Here's a timely reminder from RACV Marine for those of you who may want to venture out on Easter Sunday.
It’s been said that the best way to keep a boat in top condition is to keep using it.
As strange as that may sound, there’s a solid logic behind it. That’s because a boat that no longer gets regular use often no longer receives regular maintenance. Prolonged inactivity therefore allows problems that were previously kept at bay to potentially creep back in.
For many southern boaters, the Easter holidays mark the close of boating season. If you haven’t been out for a while, now’s the time to give your boat a good looking over. A few extra minutes checking the condition of your rig will ensure a long weekend of trouble-free boating. This Easter boating checklist should get you started.
Use it or lose it
The busiest time of year for Coast Guard callouts is when boats comes out of a long period of idleness.
“October and November is definitely our busy time,” says Deanne Semmens, coast guard volunteer and skipper at Carrum located at one of Victoria’s busiest boat ramps. This period, of course, coincides with many boaters venturing out for the first time in many months. She says a great many of the callouts can be attributed to flat batteries and stale fuel, both of which can usually be prevented through maintenance. Although the seasonal spike in callouts occurs at the start of the summer boating season, the lesson is the same for Easter: maintain your boat, even when it’s not being used.
Petrol and fuel vapour can be fatal. Indeed, says Deanne, recently two people in Gippsland were injured after their boat caught fire on Lake Narracan.
Always check for leaks and fuel smells before starting the engine or operating anything with a switch. Check fuel lines as they can become loose or brittle and check fuel filters, even if they’ve been inspected at the start of the season, then clean or replace if required.
“If you get an explosion on the water, you don’t get a second chance,” says Deanne. “Wherever you have a spark and fuel vapour… it could end up in a pretty nasty situation,” she says. “Fibreglass burns very very quickly and all we’ll be able to do is hopefully find you in the water.”
Every engine has a maintenance guide from the manufacturer. Generally speaking, check and change the oil if required. Inspect the pull cord and check the spark plugs. You may need to clean and gap them, or even replace. Also, check the propeller nut and pin as well as the cooling system (look for accumulated fishing line or seaweed). If you’re not sure about doing it yourself then enlist the help of a marine mechanic.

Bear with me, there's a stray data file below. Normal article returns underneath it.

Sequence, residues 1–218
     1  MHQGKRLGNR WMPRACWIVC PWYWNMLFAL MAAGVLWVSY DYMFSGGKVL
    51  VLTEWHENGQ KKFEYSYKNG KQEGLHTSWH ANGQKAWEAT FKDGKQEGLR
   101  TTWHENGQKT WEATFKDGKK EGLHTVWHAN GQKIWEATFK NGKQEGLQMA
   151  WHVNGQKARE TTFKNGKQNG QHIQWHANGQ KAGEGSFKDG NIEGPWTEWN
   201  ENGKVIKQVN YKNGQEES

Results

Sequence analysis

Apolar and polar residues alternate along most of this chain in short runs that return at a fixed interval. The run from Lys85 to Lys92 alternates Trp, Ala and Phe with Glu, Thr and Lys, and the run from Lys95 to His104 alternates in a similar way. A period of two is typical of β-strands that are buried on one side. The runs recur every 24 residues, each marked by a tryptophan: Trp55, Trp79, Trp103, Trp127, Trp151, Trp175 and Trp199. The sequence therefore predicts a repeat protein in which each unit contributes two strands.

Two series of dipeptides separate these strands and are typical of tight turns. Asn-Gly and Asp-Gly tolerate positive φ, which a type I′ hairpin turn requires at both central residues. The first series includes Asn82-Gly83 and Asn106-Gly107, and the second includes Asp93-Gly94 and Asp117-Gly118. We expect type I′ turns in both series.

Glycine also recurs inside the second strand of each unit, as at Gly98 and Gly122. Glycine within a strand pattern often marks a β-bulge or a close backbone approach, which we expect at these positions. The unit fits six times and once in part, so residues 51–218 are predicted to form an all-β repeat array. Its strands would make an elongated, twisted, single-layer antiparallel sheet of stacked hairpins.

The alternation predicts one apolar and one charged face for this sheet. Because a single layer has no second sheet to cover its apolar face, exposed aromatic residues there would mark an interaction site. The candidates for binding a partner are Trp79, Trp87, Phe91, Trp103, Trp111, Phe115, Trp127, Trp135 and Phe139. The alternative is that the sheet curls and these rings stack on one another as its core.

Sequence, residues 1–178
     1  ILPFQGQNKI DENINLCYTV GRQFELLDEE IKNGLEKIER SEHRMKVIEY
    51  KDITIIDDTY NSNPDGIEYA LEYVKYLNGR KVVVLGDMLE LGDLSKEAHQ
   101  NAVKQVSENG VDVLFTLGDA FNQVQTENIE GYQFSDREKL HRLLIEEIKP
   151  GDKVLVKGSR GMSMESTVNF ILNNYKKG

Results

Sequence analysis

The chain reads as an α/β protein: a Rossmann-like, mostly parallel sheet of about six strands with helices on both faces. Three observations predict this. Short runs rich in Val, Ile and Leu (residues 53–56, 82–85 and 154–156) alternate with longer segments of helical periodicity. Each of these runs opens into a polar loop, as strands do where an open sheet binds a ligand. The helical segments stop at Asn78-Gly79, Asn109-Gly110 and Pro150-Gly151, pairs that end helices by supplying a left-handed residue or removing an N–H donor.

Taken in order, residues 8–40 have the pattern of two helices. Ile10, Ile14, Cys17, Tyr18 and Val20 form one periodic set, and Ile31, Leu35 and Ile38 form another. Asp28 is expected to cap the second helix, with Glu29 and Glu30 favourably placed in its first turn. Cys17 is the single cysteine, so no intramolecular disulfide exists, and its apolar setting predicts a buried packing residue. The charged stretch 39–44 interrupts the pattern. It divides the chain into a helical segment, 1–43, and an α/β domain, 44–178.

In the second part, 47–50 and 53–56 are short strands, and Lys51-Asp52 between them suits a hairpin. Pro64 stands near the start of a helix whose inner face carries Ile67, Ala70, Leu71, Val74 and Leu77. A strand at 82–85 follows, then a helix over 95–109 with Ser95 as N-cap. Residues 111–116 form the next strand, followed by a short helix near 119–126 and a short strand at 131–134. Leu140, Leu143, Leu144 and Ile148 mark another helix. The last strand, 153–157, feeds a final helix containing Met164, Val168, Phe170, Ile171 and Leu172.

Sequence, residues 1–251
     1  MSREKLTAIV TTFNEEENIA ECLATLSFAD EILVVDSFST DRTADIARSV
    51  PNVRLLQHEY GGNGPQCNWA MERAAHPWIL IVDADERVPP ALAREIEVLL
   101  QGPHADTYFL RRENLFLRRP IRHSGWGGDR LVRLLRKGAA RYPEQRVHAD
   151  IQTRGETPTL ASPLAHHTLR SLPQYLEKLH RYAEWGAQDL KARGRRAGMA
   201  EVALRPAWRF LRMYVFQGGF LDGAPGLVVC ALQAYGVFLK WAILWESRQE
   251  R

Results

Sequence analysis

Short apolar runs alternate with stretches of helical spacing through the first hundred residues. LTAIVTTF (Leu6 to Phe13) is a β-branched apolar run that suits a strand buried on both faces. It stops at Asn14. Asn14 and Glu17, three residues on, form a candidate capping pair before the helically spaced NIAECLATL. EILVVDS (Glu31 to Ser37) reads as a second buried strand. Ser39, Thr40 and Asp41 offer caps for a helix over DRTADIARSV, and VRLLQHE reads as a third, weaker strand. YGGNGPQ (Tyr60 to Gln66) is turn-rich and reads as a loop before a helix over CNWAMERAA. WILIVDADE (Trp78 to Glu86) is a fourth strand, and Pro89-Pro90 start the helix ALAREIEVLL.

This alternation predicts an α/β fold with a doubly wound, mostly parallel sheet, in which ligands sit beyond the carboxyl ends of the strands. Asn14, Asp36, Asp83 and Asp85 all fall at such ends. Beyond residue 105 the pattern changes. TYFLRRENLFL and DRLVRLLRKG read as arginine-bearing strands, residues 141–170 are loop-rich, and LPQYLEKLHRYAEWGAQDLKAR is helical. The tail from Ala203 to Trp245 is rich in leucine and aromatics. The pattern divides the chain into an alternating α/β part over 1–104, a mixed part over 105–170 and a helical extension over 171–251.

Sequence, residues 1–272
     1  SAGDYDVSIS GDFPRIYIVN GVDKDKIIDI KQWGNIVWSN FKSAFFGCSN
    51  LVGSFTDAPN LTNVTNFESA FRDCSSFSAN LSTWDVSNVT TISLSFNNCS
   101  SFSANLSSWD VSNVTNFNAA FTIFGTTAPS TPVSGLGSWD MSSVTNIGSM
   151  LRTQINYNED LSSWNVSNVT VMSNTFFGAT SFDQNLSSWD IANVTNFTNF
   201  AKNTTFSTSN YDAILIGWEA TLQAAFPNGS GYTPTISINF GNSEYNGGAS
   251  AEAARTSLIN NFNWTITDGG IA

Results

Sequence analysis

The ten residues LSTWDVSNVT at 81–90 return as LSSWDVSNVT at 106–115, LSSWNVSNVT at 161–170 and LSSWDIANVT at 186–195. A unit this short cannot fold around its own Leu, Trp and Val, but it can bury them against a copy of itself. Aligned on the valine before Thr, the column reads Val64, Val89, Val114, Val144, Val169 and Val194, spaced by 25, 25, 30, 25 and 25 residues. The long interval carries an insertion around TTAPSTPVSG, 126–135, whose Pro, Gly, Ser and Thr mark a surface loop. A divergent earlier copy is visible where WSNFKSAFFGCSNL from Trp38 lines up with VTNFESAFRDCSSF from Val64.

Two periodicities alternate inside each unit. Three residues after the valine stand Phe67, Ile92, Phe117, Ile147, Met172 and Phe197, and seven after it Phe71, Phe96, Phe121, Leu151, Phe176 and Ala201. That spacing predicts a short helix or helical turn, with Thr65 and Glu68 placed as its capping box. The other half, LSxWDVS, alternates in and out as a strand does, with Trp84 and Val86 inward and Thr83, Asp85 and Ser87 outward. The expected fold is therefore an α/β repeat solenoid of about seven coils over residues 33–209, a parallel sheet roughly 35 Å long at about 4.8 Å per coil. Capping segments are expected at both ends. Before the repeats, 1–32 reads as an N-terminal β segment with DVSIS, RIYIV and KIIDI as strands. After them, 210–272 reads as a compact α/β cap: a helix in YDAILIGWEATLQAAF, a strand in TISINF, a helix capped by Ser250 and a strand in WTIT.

“The main cause of call-outs, 100 per cent, would be batteries,” says Deanne, again referring to the busiest time of year between September and November. Even so, the principle is the same for any boat that remains unused.
“You need to check the electrolyte, top it up with distilled water and check the charge,” she says, adding that correct marine battery maintenance per the manufacturer’s guidelines is essential. Check that the connections are clean and don’t show signs of corrosion.
Have a look at the RACV Marine guide to boat batteries for more information.
Boat trailers are prone to degradation, although for obvious reasons there are few Coast Guard callouts for trailer problems.
“Checking the trailer is a huge part to getting that boat to the ramp and back,” says Deanne. “Check your bearings and keep them properly greased. Make sure your brakes are ok and that things are properly lubricated and haven’t become rusted,” she says.
“It can be as simple as travelling down the road for a bit, pulling off where it’s safe, and checking the heat on those bearings. It’s better to do a couple of minute of checking around the boat and making it to the ramp, than not making it at all,” she adds.
You really don’t want to diagnose the source of an electrical problem on the side of the road or on the water. Test all electrical components like radios and lights and check the wiring for signs of corrosion or fraying.
Wiring problems can be a real nuisance on trailers when it comes to things like brake lights so look at the boat trailer guide (above) for more tips.
“Lifejackets are one of the most important pieces of equipment to have on board. People tend to snub their noses at wearing one, but if you end up in the water, it is the one thing that will potentially save your life,” says Deanne.
It’s a tragic fact that a very high proportion of drownings associated with recreational boats could have been prevented if a lifejacket had been worn. So, wear one and check that the rest of your safety gear is fit for purpose and suitable for the conditions in which you plan to go boating. Gear is no good in an emergency if you can’t get to it. Also, check the flare expiry dates and the gauge on the fire extinguisher.
“If you are the skipper on a vessel, you are responsible for yourself and everybody else that’s on it for that day. You are taking everybody’s life in your hands if you take shortcuts,” says Deanne.
So, look after you and your passengers by looking after your boat.